Pushing the bucket of dirty water away with her foot in an unconscious imitation of her mother, she swiped the floor in a final wide arc and thought of her mother's words - after you've mopped the floor, you should be able to see your face in it. Can I, she wondered? No, there was nothing. That's just Ai's way of talking, she thought scornfully. And she didn't want to see her face, anyway. She remembered the day she had looked at herself in Anju's mirror- it was new then, Anju had just bought it with her first pay - and how startled she had been to see her face so dear in it. This square face with the thick eyebrows and frizzy hair - is this me? She much preferred the grey ghost the old mirror showed her. Anju never had enough of looking at herself in the new mirror, though. She would turn it this way and that to get the maximum light from the one small window set high in the wall. But then, Anju was pretty - her fair complexion, her straight nose ...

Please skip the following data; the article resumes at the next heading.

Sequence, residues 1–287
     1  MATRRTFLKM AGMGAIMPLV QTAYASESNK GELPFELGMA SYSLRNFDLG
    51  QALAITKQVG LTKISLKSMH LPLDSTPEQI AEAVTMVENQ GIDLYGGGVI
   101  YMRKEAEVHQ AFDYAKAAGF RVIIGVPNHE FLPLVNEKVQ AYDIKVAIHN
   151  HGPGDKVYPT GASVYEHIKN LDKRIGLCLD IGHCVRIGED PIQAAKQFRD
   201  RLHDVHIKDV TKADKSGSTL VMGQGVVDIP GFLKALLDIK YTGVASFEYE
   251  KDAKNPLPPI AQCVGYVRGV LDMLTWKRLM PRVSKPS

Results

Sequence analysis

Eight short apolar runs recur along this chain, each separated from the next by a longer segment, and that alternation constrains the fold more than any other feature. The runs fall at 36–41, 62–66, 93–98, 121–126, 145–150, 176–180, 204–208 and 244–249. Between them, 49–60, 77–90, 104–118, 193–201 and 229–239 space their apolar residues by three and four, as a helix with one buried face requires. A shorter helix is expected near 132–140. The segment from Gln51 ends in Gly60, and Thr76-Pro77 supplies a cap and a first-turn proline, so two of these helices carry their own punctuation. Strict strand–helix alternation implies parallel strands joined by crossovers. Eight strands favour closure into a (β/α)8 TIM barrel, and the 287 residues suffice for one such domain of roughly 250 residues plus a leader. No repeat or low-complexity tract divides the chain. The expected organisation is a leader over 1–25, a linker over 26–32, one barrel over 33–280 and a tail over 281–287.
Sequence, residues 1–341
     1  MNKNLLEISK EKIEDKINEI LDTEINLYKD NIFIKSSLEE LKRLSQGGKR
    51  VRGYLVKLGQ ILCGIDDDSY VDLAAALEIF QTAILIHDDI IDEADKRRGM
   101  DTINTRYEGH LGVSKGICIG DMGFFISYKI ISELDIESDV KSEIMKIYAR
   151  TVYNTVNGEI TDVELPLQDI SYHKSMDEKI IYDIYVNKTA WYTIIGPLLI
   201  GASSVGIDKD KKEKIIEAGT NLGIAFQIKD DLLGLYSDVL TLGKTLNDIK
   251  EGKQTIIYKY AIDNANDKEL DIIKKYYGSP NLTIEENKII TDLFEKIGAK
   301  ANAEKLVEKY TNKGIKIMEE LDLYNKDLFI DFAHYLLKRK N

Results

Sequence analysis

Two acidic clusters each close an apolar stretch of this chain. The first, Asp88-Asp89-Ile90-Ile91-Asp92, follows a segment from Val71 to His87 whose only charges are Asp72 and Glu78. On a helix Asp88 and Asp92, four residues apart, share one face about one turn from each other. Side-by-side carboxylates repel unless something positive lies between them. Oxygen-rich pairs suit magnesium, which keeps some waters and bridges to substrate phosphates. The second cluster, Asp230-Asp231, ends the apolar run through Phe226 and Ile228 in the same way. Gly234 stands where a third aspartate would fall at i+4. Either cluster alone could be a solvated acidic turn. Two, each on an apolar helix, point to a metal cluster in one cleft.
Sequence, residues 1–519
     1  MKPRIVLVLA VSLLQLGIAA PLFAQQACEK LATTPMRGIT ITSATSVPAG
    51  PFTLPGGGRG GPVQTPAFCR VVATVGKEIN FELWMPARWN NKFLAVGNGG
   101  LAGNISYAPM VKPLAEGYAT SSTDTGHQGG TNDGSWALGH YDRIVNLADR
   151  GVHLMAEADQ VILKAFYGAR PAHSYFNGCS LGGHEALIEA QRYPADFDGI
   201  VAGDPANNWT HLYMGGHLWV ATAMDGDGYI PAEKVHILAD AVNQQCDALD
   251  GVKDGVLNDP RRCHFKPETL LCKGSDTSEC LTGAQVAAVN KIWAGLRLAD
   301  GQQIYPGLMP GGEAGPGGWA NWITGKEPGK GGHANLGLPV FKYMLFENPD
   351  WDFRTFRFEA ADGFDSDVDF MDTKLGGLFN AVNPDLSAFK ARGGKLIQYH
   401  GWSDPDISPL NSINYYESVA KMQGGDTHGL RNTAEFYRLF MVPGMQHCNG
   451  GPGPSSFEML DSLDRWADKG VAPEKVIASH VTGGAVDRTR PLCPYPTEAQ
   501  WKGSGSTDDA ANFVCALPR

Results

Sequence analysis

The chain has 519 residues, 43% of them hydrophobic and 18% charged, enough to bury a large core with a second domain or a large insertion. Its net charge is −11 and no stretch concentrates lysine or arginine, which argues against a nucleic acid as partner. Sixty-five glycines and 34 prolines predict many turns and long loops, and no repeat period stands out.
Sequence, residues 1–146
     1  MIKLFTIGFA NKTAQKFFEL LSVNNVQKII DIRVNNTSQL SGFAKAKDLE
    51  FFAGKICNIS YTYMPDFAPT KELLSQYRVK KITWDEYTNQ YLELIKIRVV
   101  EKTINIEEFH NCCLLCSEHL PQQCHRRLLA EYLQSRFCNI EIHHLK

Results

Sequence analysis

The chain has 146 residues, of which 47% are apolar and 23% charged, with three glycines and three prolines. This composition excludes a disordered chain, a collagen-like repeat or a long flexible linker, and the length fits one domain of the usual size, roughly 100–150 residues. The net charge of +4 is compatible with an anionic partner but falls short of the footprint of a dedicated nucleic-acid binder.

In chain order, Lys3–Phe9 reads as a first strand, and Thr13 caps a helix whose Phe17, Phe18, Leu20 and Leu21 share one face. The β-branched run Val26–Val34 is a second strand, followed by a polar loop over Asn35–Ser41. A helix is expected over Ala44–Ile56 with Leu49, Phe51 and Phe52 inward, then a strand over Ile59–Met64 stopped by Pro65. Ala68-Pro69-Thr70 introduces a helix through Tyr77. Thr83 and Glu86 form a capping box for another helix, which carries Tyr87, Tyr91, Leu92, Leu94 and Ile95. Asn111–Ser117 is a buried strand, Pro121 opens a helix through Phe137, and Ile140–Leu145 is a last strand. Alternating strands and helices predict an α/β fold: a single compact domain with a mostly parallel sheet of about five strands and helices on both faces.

Deshpande, Shashi, The Homecoming, Kunapipi, 16(1), 1994.